The main frame materials available are: carbon, aluminium, steel and titanium. In short, you want your frame to be light (for obvious reasons) and stiff (to maximise power transfer - i.e. insure energy isn’t lost) - you also want comfort, but in theory, that is conflicting with stiffness. The best bike frames have a good balance between those three elements. However, let’s take a step back and try to keep it simple.
Carbon is a light material with good stiffness - of the four options above, it would be the best choice for triathlon. However, it does have a couple of disadvantages: it is expensive and it is brittle (i.e. it can break more easily). If you are planning on buying a second had bike, it is worth finding out if they have had crashes before as cracks may be difficult to spot.
Aluminium is cheap, light (not as light as carbon) and corrosion resistant. However, it lacks a bit of strength and stiffness, so frames tend to be a bit bulkier to make them stronger. It is a good option if carbon is too expensive for your budget.
Steel is cheap, stiff and strong, but it is also heavy! This is a good material for a commuter bike, where it may have to withstand all sorts of conditions, but perhaps a bit less optimal for triathlon.
Titanium is a bit heavier (but also stronger) than aluminium. It is a bit more expensive but is as good a choice as aluminium for a bike frame.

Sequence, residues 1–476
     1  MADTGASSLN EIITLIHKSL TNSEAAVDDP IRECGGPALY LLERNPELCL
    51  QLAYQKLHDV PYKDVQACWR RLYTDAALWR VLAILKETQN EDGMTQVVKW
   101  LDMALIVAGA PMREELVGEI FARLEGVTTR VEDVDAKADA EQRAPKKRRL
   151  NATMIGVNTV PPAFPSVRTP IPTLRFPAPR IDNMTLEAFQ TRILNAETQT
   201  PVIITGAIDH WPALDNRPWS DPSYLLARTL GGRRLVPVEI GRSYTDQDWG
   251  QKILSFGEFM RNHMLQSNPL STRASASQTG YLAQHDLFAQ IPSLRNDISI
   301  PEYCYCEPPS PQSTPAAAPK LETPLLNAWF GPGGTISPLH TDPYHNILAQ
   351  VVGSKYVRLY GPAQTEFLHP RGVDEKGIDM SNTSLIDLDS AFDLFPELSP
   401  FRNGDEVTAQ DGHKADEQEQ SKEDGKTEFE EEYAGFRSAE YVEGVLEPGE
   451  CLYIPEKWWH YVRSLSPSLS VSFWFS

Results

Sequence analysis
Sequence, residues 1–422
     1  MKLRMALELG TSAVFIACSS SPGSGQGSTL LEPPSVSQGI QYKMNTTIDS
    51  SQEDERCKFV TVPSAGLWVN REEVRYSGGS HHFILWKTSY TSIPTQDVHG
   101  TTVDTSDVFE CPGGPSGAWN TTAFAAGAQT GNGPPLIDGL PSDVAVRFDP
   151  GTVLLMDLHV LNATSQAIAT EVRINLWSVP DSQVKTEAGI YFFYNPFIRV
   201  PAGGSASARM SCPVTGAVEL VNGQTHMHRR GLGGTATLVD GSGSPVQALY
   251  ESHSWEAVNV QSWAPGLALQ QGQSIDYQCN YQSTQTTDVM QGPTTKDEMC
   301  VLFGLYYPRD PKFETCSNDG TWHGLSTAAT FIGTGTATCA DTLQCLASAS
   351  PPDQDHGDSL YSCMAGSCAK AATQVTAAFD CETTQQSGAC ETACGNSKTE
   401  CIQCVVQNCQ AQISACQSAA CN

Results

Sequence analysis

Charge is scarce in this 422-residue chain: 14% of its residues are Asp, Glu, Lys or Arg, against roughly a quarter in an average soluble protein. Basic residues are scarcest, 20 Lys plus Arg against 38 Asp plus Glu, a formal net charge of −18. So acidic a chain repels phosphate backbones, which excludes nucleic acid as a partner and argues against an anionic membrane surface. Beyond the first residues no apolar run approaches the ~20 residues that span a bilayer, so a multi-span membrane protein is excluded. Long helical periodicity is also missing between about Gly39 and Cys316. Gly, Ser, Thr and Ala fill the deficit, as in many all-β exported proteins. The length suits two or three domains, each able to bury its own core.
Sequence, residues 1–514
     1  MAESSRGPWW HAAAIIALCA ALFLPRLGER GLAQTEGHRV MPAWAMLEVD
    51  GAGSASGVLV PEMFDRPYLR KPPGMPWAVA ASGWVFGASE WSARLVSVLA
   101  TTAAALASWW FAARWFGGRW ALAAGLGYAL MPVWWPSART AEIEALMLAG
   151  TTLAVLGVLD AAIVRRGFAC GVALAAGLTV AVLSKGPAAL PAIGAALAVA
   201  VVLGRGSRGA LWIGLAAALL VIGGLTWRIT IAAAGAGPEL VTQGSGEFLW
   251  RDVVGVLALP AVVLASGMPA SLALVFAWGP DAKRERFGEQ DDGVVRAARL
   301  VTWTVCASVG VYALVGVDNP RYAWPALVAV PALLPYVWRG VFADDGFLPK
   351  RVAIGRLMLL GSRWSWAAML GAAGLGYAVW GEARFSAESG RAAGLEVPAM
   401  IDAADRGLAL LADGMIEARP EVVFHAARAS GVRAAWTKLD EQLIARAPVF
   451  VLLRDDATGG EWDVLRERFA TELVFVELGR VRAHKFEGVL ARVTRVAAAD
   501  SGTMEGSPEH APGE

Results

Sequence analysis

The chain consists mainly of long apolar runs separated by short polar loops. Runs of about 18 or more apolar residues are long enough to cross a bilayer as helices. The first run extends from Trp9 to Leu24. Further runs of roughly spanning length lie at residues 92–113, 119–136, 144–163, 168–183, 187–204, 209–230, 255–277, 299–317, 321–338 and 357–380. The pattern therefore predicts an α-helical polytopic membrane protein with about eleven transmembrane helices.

Observation: It is also worth noting that most triathlons are non-drafting, especially for the half IRONMAN distances. Therefore, unless you have chosen a really hilly course, a bike with an aero optimised frame will usually trump a slightly lighter bike.
What is a groupset? In short, the groupset of your bike is all the component parts of your bike that enable you to transfer power so that you can move forward (the drivetrain: chainset, bottom bracket, shifters, chain, cassette & derailleurs) or slow down (braking: brakes and brake levers). The main brands offering groupsets are Shimano, SRAM and Campagnolo. Whilst we are not going to dive into detail into all their different offerings, below is a list of groupsets you can be confident in purchasing from each of the brands (each going from least performing to best performing).
Shimano: Shimano 105, Ultegra, Dura Ace (avoid: Tiagra, Sora and Claris)
SRAM: Rival, SRAM Force (avoid Apex)
Campagnolo: Cetaur, Potenza, Chorus, Record (avoid Veloce, though it is the best one of all the ones I have listed to avoid)
Observation: It is also worth noting that Shimano and SRAM parts are mostly interchangeable and far more common than Campagnolo. If you travel often with your bike, or intend to…this can be something that helps you get to the start line or not!
For this client, We recommended she looks for a carbon frame road bike with a Shimano 105 groupset as this is is what we could get within the budget she had in mind (and as a new bike as she didn’t want a used bike). It is also worth noting that it is best to buy the bike with the mindset of upgrading some of the other moving parts. For example, this bike may come with wheels which are perfect for training and turboing on, especially in the winter. Come summer time and a new budget, with more experience, it may be we upgrade the wheels.
Finally, regardless of the spec of the bike, it is only worth buying and riding if it fits you. Invest in a proper bike fit and you will be faster on the person who blew their budget on the top of the range bike which hasn’t been fitted to them – every time!
Hopefully this helped you clarify some of your questions too. Happy bike shopping!